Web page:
Male, 24, a worker at the Beijing People’s Medical Publishing House. From: Beijing.
Du was described as a passionate youth. He went to Tiananmen Square often to support the students during the 1989 Democracy Movement. On June 3, 1989, around midnight, Du and one of his classmates biked along Chang’an Avenue heading west. Near Xinhuamen, they heard gunshots coming from martial law troops nearby who were firing as they moved eastward. As Du and his classmate were about to turn back, Du was shot in the temple and collapsed over his bicycle. Du was among six victims who were taken by a public bus to Xiehe Hospital (also known as Peking Union Medical College Hospital) and among four who died on the way.
Du’s family looked for him through the night, and found his body at Xiehe Hospital in the early morning of June 4. At the hospital, his family members saw stacks of corpses in the morgue and specimen room. Later they also saw three albums compiled by the hospital displaying photos of dead bodies in the hospital: Two of the albums were full, each holding 40 photos. Du was victim number 30.
Du was one of four children in his family. His father died when Du was 15. At that time, Du had to quit school to start working, taking on the job left by his father to lessen the burden on his mother. He was said to be an honest person and a very diligent worker.
Du’s mother Ge Guirong (葛桂荣) is a member of the Tiananmen Mothers.
I am the mother of June Fourth victim Du Guangxue. I am now 75 years old. The 3rd of June, 20 years ago, was a day I will remember for the rest of my life. On this day, I lost my son. And for the past 20 years, I have not stopped missing him for a single day. As time passes and I age, my longing for him only intensifies.
For 20 years, I have lived my life in regret and self-blame. I especially loathe myself for not stopping him when he went out. I had always thought, as a veteran member of the Party who had been educated by the Party for decades, that I would never believe our Party would order the army, fed and raised by the people, to use violence against the people, especially ones who were unarmed and defenseless.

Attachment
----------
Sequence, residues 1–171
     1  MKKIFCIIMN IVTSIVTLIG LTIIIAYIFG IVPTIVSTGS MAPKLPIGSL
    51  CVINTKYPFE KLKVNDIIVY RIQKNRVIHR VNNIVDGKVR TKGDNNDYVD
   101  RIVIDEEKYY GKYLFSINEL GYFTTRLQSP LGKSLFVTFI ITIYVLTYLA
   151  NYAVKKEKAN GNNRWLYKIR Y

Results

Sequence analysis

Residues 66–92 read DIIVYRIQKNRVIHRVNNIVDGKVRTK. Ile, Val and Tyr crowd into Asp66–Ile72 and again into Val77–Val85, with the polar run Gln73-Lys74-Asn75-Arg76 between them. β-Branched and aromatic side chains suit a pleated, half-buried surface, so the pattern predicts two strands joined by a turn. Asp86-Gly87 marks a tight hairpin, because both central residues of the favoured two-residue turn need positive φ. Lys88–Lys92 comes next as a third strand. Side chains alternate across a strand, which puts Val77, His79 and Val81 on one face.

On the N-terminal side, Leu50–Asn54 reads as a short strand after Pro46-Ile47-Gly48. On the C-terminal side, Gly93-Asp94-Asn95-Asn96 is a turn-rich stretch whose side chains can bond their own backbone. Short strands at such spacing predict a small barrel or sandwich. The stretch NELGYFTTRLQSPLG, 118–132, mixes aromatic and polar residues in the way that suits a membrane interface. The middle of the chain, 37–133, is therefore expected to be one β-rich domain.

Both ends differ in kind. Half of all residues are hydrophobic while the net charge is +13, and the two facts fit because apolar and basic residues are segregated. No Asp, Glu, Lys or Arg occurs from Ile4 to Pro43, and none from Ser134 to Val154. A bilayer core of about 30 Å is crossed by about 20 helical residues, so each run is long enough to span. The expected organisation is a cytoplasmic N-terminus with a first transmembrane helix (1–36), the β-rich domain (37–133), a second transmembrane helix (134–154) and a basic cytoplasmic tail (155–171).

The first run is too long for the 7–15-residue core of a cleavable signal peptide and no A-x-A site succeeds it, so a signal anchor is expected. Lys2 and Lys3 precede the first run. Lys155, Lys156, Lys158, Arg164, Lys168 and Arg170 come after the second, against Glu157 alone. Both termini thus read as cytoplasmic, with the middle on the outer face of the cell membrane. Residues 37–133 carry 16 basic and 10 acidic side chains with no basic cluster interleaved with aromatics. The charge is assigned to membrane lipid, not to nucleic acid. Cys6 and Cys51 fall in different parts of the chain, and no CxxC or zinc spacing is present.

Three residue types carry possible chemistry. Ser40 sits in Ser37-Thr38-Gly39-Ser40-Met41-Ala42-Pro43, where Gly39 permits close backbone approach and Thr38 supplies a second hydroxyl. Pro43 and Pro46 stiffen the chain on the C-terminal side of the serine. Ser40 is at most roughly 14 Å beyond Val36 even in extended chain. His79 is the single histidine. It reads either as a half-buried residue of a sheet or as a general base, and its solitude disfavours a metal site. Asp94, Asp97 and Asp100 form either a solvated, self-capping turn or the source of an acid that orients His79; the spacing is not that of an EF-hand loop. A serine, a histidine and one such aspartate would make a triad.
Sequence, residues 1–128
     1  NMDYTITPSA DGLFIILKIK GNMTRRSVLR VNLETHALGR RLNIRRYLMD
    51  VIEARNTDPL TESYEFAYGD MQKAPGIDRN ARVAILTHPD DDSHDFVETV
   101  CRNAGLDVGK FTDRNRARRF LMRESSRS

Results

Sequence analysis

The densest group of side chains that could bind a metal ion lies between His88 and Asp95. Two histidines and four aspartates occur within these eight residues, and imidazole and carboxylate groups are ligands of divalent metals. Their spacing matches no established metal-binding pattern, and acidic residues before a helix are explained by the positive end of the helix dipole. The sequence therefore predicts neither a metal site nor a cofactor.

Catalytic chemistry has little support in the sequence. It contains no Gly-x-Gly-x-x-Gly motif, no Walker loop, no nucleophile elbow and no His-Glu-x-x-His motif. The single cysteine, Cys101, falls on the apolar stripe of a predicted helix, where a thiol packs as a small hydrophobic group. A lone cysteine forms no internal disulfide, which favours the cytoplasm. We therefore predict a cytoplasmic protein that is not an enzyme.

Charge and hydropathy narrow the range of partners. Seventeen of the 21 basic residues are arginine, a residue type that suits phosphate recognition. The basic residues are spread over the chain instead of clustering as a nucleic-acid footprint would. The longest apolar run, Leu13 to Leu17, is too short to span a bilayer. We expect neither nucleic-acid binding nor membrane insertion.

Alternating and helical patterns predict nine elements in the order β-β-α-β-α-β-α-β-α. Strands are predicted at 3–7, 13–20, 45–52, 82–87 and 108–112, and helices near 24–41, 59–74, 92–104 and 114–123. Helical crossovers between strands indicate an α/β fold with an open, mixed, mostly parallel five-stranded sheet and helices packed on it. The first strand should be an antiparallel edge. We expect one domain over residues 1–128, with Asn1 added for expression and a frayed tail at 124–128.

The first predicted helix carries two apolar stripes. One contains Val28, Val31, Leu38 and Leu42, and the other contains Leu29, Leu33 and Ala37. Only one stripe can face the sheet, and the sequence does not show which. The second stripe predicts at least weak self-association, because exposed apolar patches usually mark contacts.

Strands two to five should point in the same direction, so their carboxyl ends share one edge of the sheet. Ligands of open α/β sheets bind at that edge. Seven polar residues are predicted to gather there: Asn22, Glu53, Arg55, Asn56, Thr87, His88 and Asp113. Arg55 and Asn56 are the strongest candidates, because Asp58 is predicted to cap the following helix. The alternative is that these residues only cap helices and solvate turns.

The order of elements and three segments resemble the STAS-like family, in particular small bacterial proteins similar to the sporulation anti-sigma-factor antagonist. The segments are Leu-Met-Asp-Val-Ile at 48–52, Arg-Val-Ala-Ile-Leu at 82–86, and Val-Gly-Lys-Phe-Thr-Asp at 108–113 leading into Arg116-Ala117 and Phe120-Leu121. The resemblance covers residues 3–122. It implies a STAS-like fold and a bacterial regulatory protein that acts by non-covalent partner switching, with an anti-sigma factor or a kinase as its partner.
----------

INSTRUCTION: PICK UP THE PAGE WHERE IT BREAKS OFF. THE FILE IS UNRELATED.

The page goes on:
Du Guangxue knew our family was not well-off, so he worked extra hard at the factory, often working overtime to earn extra cash. Everyone, from his superiors to his peers, had a very high opinion of him. In those days, I always thought about him getting married in a few years, having a child that I would help raise, and that when he grew up and I became older, we would live happily, albeit quietly and with moderate means.
All along, I had thought that our government was one that would bravely admit its mistakes and shoulder its responsibilities. Yet, in a society that frequently speaks of harmony and human rights, why would the government refuse to face a truth that everybody already knows, and choose to hide behind lies?
The government’s behavior is unacceptable to the families of June Fourth victims. There is no mother who can resign herself to the death of her child for reasons that are far from clear. And no mother would tolerate a history written in blood being drowned in the flow of time. I do not want to spend the rest of my life watching the perpetrator continue to violate its people’s rights and dignity in another way.